Witrh 40 percent of the precincts reporting, there’s been very little change in the results, which is surprising: Typically the absentees don’t reflect the election-day turnout. But Prop. A is still going down by huge margins, Prop. B is still winning (and at this point, that one’s probably in the bag, striking a blow against the privatization of public resources and offering a vote of no-confidence in the direction of the city’s Rec-Park department).
It appears likely that there will be an expensive November race for Assembly in D19, with the downtown-funded (but otherwise unknown) Democrat Michael Breyer who ran an almost-Republican campaign heading for a second-place finish against Assessor Phil Ting.
And there’s no change in the results for the DCCC.
I’m a little surprised (and disappointed) that Gabriel Haaland, a longtime incumbent, isn’t making the cut this time, and I’m surprised (and pleased) that newcomer Justin Morgan, a public-health physician, is still in the top 14 on the East Side. Zoe Dunning and Matt Dorsey, two very visible LGBT leaders (she on DADT, he on same-sex marriage) are running strong; Dorsey’s in the progressive camp, and Dunning, a former military officer, is more conservative. School Board member Hyrda Mendoza isn’t making the cut, either, which is odd for a citywide elected official.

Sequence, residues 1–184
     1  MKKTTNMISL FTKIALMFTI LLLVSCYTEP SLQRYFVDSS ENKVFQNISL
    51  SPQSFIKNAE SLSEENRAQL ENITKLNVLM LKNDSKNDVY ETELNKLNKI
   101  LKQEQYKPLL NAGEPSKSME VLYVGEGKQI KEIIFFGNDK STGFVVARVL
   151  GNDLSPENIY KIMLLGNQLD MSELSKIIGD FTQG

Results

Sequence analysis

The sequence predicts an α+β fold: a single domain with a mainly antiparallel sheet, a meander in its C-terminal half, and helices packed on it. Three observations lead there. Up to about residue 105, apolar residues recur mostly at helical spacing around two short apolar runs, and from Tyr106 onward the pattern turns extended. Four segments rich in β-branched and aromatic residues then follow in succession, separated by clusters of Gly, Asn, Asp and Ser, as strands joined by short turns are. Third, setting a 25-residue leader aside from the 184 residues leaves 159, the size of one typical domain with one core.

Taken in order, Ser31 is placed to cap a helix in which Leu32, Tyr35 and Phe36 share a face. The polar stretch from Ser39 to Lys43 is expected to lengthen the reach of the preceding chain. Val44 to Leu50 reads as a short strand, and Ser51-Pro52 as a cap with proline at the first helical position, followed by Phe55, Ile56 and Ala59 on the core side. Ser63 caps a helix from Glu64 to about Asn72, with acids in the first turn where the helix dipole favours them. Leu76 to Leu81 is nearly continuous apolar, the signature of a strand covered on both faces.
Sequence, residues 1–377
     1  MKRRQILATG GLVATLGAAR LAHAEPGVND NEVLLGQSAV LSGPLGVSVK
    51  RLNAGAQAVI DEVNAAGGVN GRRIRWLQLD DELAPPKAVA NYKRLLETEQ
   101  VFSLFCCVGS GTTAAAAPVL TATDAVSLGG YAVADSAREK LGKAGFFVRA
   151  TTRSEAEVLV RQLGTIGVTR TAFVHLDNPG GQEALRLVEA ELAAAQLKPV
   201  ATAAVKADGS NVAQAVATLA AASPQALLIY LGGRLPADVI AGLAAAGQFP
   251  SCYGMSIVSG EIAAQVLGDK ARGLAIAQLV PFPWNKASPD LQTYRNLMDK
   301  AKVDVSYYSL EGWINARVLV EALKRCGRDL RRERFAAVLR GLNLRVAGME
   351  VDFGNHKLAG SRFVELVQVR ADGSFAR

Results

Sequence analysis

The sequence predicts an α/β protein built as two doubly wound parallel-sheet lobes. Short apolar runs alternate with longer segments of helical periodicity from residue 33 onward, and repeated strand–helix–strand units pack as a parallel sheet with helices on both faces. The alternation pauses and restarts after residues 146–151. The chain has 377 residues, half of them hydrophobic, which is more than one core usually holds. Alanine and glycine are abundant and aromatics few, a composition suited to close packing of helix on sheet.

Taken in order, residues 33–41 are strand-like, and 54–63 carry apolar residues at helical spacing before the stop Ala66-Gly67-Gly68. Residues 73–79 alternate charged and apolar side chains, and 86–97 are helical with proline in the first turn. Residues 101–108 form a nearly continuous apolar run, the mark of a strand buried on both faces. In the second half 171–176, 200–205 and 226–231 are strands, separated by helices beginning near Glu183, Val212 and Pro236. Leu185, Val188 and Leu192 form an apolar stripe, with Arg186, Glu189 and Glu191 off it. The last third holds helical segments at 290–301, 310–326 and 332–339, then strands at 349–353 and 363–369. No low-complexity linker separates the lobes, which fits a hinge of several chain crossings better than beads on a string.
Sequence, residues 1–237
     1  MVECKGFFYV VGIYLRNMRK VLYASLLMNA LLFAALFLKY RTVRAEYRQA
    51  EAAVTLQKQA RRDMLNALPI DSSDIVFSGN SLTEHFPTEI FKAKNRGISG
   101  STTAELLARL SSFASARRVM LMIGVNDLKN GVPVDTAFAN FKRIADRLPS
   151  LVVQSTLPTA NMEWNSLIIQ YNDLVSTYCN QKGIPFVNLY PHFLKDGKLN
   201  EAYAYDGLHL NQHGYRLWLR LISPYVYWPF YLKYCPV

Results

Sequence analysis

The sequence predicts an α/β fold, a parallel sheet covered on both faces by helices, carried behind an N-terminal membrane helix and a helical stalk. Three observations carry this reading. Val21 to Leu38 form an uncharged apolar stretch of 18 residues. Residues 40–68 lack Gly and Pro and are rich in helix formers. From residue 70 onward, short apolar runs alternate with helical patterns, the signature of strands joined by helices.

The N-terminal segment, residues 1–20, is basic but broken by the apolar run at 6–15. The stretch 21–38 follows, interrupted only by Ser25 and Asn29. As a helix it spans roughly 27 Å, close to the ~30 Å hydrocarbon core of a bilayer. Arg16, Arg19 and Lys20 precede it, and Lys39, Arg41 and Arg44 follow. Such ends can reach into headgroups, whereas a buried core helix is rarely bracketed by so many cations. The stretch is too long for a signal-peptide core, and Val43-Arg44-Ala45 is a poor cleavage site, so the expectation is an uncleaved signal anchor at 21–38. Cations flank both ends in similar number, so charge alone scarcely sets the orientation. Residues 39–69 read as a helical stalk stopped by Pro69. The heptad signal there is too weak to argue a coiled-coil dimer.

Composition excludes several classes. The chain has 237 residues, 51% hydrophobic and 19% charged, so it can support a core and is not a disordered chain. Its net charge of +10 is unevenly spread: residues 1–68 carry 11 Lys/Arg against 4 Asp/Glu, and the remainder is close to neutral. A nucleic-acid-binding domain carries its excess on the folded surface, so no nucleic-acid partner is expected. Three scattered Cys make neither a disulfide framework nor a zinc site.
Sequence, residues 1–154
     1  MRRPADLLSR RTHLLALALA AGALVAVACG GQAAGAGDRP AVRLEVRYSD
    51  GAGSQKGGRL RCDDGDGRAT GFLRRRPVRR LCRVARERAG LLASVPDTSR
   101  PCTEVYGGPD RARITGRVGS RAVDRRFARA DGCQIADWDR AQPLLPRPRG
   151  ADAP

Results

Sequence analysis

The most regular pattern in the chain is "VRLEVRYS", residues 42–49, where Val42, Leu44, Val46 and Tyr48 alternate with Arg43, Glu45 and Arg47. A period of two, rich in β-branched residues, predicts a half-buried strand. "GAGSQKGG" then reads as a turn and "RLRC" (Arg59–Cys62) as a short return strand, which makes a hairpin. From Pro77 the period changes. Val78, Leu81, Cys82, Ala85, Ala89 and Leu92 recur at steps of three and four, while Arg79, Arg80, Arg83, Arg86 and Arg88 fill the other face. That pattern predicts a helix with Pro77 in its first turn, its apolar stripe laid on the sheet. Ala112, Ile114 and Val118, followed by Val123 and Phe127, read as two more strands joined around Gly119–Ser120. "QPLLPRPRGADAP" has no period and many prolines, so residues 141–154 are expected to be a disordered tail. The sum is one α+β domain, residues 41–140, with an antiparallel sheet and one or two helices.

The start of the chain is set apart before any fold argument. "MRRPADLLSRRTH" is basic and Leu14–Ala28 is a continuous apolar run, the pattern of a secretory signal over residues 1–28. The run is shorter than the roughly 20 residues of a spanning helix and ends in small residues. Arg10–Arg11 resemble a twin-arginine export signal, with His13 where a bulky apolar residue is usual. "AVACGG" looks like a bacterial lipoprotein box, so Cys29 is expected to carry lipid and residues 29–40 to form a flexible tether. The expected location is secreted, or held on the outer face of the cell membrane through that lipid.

At this point, it appears that theSF Democratic Party will be a more conservative organization than we’ve been used to over the past four years. At most, the progressives will have 14 or 15 votes out of 32 (24 elected and eight ex-officio). There are plenty of reasons for that, among them the retirement of some longtime progressive members (Aaron Peskin, Jane Morrison, Milton Marks); the redistricting that created a West Side district very few progressives could compete in — and the move by the more conservative elements of the party to run a slate that included Dufty and Cohen.
Things could still change; I could be wrong. But I don’t think I am.